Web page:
Pancreatitis

Medically Reviewed By William C. Lloyd III, MD, FACS
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What is pancreatitis?

Pancreatitis is an inflammation of the pancreas. The pancreas is a gland behind the stomach that plays a key part in the digestive process. It secretes digestive juices into the small intestine, and these juices break down food. The pancreas also releases insulin and glucagon, two hormones that help the body regulate glucose levels.

The pancreas can become inflamed if the digestive juices, called enzymes, attack the gland itself, causing damage to the tissues of the pancreas. Pancreatitis can be an acute or a chronic condition.

Common pancreatitis causes include gallstones that form in the nearby gallbladder and travel to the pancreas via the common bile duct; long-term, heavy alcohol use; and certain conditions such as cystic fibrosis.

Acute pancreatitis may start as a minor pain in the abdomen spreading to the back. The pain may intensify and worsen. Seek immediate medical care (call 911) for serious symptoms, such as a swollen and tender abdomen, fever, nausea, rapid pulse, and vomiting.

Seek prompt medical care if you are being treated for chronic pancreatitis, but you have mild symptoms that persist, recur, or cause you concern.

What are the different types of pancreatitis?

Acute pancreatitis often starts as severe pain in the upper abdomen that may spread to the back. Most cases are mild and only last a few days. With proper treatment, acute pancreatitis usually resolves, although the condition and its complications may be life-threatening in some cases. There are about 200,000 hospitalizations in the United States each year due to acute pancreatitis.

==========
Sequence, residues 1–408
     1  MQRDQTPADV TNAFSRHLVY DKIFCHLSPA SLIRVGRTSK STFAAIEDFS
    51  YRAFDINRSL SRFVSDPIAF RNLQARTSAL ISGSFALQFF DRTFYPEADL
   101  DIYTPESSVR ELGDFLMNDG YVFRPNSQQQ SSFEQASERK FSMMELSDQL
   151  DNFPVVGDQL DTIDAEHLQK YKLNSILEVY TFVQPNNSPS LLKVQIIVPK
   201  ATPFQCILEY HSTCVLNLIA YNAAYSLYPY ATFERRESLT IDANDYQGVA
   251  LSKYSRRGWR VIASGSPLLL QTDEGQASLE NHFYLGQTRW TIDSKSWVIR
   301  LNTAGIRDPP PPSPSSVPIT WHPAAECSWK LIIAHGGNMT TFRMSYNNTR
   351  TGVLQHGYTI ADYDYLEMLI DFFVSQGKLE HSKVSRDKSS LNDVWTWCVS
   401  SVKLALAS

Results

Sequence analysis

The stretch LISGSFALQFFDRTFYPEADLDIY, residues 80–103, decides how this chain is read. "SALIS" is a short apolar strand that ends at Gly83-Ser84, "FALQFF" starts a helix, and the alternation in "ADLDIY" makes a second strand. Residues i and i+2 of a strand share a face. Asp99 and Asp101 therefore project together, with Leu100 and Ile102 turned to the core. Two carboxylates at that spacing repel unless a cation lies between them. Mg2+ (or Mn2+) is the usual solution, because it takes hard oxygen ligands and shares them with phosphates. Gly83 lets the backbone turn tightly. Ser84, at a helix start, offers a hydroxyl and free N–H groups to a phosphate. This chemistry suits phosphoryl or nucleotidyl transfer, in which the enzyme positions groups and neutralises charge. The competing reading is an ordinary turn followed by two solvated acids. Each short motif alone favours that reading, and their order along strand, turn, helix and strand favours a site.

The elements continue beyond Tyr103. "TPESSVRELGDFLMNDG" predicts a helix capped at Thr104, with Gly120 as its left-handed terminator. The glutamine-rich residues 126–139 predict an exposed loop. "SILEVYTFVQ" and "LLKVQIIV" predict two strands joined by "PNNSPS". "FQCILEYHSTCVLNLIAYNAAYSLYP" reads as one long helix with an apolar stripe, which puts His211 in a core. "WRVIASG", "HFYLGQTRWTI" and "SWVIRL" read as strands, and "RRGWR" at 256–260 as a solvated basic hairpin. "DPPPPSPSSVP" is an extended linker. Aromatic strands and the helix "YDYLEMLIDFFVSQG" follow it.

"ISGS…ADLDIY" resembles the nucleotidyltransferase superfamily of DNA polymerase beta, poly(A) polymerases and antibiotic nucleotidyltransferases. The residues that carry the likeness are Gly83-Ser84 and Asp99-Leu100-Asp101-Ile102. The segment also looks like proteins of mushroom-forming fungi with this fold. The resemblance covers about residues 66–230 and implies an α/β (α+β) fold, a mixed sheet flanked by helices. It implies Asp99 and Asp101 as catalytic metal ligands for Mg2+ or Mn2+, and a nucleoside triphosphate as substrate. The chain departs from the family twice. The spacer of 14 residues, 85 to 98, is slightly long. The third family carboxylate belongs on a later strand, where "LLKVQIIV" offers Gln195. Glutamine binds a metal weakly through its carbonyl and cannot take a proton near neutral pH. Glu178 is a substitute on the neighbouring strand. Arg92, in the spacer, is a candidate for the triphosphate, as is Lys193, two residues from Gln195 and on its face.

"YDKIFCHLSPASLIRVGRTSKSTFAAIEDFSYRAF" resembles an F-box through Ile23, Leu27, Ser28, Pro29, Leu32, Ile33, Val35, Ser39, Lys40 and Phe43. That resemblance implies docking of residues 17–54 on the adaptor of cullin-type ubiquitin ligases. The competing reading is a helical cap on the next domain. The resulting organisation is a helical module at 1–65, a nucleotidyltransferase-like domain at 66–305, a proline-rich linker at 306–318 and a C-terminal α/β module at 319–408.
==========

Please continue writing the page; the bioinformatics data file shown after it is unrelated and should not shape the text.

Chronic pancreatitis is a long-term condition that can result in permanent damage. In this condition, the pancreas is slowly destroyed until it can no longer produce the important digestive enzymes. This process usually takes years. It can occur after repeated bouts of acute pancreatitis. Treatment may include a prescription for synthetic pancreatic enzymes.

What are the symptoms of pancreatitis?

Acute and chronic pancreatitis often present with the same symptoms. Symptoms of chronic pancreatitis are ongoing or recurring and may require permanent dietary and lifestyle changes. Symptoms of pancreatitis affect the pancreas and other organs in the digestive system.

Common symptoms of pancreatitis

You may experience pancreatitis symptoms daily or just once in a while. At times, any of these pancreatitis symptoms can be severe:

  • Abdominal pain or cramping

  • Abdominal swelling, distension or bloating

  • Fever

  • Low blood pressure

  • Nausea with or without vomiting

  • Rapid heart rate (tachycardia)

  • Severe abdominal, pelvic, or lower back pain

  • Yellowing of the skin and whites of the eyes (jaundice)

Serious symptoms that might indicate a life-threatening condition

In some cases, acute pancreatitis can be life-threatening. Seek immediate medical care (call 911) for any of these life-threatening symptoms including:

What causes pancreatitis?

Pancreatitis is an inflammation of the pancreas. The pancreas can become inflamed if the digestive juices it produces, called enzymes, attack the gland itself. Pancreatitis can be an acute or a chronic condition.

Common causes of pancreatitis

Causes of pancreatitis include:

  • Abdominal injury or trauma

  • Adverse effects of certain drugs, such as steroids

  • Alcohol abuse

  • Complications of medical procedures, such as imaging studies of the bile ducts

  • Cystic fibrosis (hereditary disease characterized by buildup of abnormally thick, sticky mucus in the lungs and other organs)

  • Drug allergy, such as allergy to penicillin or codeine